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Stevie Wonder has an M3?
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KingJ
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PostPosted: Sun Oct 07, 2007 7:08 pm    Post subject: Stevie Wonder has an M3? Reply with quote

I heard a rumor over on Motifator.com that Stevie Wonder not only has a Motif XS, but he also now has a Korg M3. I'm also blind, like Stevie, so I'm really curious as to how he gets around the touch screen. If he can do it, then I'm sure I could learn how. I thought that touch screens were impossible for blind people to navigate, but I'm beginning to think that I was wrong.
My fiancee and I got a brief chance to look at an M3 again Yesterday. I noticed that the touch screen on the M3 is a lot smaller than I expected it to be. This may make it much easier for blind people to navigate, if everything stays in pretty much the same place on the screen. For example, if there was always an edit link on the top right hand corner, a blind person could probably learn exactly where the edit link is. Blind people have to memorize screens, with the help of a sighted person, and I wonder if it might even be easier for us to memorize a touch screen, rather than memorizing button pushes. I know it's easier for a sighted person.
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bctines
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PostPosted: Thu Oct 11, 2007 4:28 am    Post subject: Reply with quote

I became partially blind a few months ago and find that there is quite a bit of continuity between screens. As you say that's very helpful. The page select screen is especially good about that. And most other page screen have their tabs in the same place.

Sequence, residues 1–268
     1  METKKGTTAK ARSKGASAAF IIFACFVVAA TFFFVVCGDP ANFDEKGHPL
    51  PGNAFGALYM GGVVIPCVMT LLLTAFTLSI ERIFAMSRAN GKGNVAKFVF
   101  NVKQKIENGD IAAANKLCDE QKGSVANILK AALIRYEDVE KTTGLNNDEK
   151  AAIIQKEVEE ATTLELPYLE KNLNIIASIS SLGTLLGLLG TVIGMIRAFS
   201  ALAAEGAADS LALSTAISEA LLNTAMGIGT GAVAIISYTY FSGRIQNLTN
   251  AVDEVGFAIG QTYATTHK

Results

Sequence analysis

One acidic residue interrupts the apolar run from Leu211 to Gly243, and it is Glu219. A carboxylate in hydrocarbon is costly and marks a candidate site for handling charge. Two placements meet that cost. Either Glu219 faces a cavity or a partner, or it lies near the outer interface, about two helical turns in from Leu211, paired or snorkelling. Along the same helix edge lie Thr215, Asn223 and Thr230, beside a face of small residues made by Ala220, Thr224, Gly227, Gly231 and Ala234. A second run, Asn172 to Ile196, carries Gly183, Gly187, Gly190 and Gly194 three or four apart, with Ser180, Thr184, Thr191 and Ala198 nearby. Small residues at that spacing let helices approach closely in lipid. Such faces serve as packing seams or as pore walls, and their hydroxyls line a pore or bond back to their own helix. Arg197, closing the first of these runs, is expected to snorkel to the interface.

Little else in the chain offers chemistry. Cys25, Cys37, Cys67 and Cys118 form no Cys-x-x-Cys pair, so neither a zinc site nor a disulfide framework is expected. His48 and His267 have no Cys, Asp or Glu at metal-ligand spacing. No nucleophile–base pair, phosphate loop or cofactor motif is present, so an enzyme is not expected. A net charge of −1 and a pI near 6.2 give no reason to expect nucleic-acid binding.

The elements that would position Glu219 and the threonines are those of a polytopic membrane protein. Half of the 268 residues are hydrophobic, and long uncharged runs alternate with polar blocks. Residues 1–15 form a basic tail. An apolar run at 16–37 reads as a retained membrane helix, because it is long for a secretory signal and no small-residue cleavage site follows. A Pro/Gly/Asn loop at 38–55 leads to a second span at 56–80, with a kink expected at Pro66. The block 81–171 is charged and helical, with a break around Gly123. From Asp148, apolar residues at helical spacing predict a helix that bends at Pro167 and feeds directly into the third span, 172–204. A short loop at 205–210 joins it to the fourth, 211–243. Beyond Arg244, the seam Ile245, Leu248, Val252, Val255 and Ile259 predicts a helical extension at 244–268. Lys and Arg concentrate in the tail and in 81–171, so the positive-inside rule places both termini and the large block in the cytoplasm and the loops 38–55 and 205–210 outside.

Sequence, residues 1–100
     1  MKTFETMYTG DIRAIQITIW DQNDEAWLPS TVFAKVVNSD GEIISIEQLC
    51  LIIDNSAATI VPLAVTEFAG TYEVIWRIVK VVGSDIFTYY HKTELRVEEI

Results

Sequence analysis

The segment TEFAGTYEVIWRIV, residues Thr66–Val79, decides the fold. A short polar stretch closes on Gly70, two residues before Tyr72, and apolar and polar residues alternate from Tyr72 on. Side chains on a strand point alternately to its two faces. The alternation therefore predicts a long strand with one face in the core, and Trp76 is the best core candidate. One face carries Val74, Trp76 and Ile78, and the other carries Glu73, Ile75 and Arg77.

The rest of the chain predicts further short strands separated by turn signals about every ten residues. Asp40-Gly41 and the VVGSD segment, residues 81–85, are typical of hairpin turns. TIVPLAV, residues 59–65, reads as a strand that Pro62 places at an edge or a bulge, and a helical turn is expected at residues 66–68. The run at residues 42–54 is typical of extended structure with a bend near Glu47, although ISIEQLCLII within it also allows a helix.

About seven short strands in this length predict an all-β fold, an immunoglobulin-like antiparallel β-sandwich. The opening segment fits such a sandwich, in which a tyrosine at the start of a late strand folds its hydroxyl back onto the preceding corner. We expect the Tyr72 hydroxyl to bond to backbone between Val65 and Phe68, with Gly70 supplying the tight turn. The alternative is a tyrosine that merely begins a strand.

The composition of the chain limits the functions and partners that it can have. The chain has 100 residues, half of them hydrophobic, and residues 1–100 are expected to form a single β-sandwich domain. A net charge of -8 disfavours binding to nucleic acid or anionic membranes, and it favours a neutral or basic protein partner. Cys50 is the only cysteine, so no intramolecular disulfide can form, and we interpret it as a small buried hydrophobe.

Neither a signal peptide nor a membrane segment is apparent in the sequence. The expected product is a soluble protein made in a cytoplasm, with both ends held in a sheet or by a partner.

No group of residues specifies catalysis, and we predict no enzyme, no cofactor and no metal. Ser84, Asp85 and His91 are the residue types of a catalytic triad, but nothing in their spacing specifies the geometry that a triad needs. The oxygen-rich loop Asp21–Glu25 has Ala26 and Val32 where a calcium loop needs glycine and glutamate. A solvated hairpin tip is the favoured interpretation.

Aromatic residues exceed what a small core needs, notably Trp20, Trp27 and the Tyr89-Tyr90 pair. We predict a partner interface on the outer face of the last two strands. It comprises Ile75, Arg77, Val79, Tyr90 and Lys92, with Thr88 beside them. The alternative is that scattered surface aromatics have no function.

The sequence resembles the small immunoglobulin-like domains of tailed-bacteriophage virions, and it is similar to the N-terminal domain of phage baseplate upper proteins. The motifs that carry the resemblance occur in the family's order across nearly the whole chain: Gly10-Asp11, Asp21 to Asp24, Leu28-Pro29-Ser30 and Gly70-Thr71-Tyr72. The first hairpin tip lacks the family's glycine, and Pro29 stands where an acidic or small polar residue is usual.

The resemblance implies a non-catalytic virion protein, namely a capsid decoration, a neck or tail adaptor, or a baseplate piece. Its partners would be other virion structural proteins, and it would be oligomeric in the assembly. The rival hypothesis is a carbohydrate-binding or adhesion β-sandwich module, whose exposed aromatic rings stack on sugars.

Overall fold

Another thing that helps is that once you memorize where data entry fields are having both inc/dec buttons, as well as the number pad really helps. The data wheel doesn't work for me because I can't really feel the stops. Selecting programs and combis is pretty easy because you can inc/dec with the +/- buttons once the field is highlighted and that field is always in the same place.

I also have a Yamaha XS. It is much more awkward to use, but it does have hard keys for selecting some items on screen. That might be a plus.

Once you learn your way around all the features of the control surface on the M3, you can do a whole heck of a lot because you don't have to select fields first like on the XS in so many places. But it could be argued that field selection on the XS is easier because once you know you are at a certain screen you can just use cursor buttons to navigate from field to field. That's not too hard to memorize.

If sequencing is a biggie for you, then the XS is likely much easier as it is all done with buttons. Not the M3.